The Atlantic’s James McWilliams penned a confrontational piece last week arguing that in the gourmet world’s quest to serve the finest and tastiest, it sidesteps the huge, glaring issue of animal rights, welfare, and even the Darwinian consequence of our relationship to animals. In “Foodies vs. Darwin: How Meat Eaters Ignore Science” he writes,
Sure, food writers trip all over each other to express their righteous outrage over the many evils of factory farming. Wonderful. But not a single one has decided to take a shot at reconciling their outrage—an outrage that ipso facto acknowledges that an animal has inherent worth—with their promotion of heirloom birds, grass-fed beef, and fried pork bellies cut to perfection by “artisanal” butchers.
[Regarding the inconsistency of investigating food taste but not origin]…I wonder what we might discover if, somehow or other, we careened over the edge and seriously explored, in the popular press, the ethics of animal exploitation. What if we discussed the moral and legal rights of animals with the same level of detail we bring to discussion about where to find the best prosciutto?
McWilliams says that “what’s being butchered here is logic” and I agree. I loved America’s Next Great Restaurant. But every time I saw Steve Ells get excited about someone’s beef compote or slow-roasted pulled pork (and man was there a lot of pork on that show!) I winced. Chipotle (Ells is the founder) serves pork exclusively from “pigs [that] are raised outside or in deeply bedded pens, are never given antibiotics and are fed a vegetarian diet.”
Chipotle, according to their website, is working to eventually source all beef, chicken, and dairy products from more “humane” farms too; pastured instead of feed lots, no hormones or steroids given, etc. I’m not jaded enough to think these places aren’t still cruel, but the point is that at least they’re trying and doing something different. So for Ells to come in and invest in a company like Soul Daddy’s restaurant (the winner of the contest) who made no claims whatsoever about the food source, well, that’s some logic being butchered.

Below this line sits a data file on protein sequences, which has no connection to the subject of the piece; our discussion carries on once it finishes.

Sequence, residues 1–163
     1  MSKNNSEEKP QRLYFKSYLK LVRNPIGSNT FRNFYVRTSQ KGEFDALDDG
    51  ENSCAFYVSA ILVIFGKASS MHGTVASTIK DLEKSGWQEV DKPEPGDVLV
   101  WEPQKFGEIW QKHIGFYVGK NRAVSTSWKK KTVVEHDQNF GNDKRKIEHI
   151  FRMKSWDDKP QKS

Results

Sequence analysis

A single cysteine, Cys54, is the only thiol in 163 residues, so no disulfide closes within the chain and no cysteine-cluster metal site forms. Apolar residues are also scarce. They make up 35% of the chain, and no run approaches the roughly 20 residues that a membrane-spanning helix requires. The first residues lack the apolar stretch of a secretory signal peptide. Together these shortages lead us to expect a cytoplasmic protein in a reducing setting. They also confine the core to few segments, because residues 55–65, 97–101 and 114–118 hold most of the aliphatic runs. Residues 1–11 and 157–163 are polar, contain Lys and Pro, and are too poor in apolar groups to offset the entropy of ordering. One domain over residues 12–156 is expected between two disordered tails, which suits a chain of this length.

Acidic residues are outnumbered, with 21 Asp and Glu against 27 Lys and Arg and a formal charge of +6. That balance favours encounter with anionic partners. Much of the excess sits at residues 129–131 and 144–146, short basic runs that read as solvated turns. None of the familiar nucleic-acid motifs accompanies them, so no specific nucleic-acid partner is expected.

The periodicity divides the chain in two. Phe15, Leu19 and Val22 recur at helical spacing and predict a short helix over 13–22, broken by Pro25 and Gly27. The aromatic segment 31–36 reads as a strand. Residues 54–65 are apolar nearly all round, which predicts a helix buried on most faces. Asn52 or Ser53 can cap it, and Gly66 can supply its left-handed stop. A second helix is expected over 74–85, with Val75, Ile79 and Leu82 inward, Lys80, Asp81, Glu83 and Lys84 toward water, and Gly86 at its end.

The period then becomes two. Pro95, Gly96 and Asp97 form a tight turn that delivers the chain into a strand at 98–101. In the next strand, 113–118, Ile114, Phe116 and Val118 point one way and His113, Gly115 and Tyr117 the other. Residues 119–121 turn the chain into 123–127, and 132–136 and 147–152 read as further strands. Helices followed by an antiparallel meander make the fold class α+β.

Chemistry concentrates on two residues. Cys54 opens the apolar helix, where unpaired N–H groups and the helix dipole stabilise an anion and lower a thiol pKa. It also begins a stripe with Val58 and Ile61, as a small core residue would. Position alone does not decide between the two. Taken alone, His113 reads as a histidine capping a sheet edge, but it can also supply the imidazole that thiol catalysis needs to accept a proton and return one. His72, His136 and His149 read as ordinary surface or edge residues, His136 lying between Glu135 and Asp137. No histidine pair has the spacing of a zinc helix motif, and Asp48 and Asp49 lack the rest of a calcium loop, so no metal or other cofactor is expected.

And this sort of thing is commonplace. The “whitewashing” of the dairy industry is huge, and every chef or foodie who relentlessly uses milk, eggs, and cheese in their recipes succumbs to the pressure of the dollar to make use of these foods in their recipes. Even organic milks and cheese are laced with cruelty. I propose the dairy industry as the target for a bold foodie to take aim at first, because, well, why not? The recent article from World Peace Diet author Will Tuttle explains in graphic detail the innumerable cruelty behind the milk mustache:
As soon as she gives birth, the cow’s baby will be quickly stolen from her, and she will be milked two to three times per day by the milking machines. No longer something done by her, milking is something inflicted upon her. The machines often cause cuts and injuries and can lead to mastitis, infection of the udder, which is rampant in modern dairies. Sometimes the milking machines give electrical shocks as well, causing considerable discomfort and fear. The cow may also be “drenched,” a procedure routinely performed on some cows after giving birth to reduce metabolic diseases in early lactation. Many gallons of nutrient-dense solution are forced into her through a seven-foot tube shoved down her throat. She may drown if the liquid is pumped too fast or if the tube is stuck into her windpipe.
Tuttle goes on to describe the four possible outcomes of a baby calf, in addition to the re-selling into slavery listed above. The calf may be raised as beef, if male, and castrated immediately after birth, then sent to eat, eat, and eat some more until fat enough to slaughter well before its actual lifespan. The other two options include slaughter immediately after birth for the rennet in their stomachs (used widely in cheese-making) or to be sold into the veal market where they have a lifetime of confinement and anemia to look forward to. No option is good, and, as Tuttle says:
The whole dairy business is founded upon stealing: forcibly stealing calves from their mothers and mother’s milk from calves. We have become desensitized to just how cruel this actually is, and how it underlies, perhaps in large measure, our culture’s basic repression, confinement, and exploitation of the female and the feminine principle.
When will this end? How do we get consumers to wake up to this nightmare that 9 million dairy cows are being tortured, raped, and endure child-theft every year? If, as McWilliams asks, we can get the food elite to start discussing this issue, then perhaps it will change the minds of dairy consumers. As always, a vegan diet remains a great way to abstain from supporting this senseless industry. I pose to you, the readers: what steps can we take to inform our friends and family of these practices?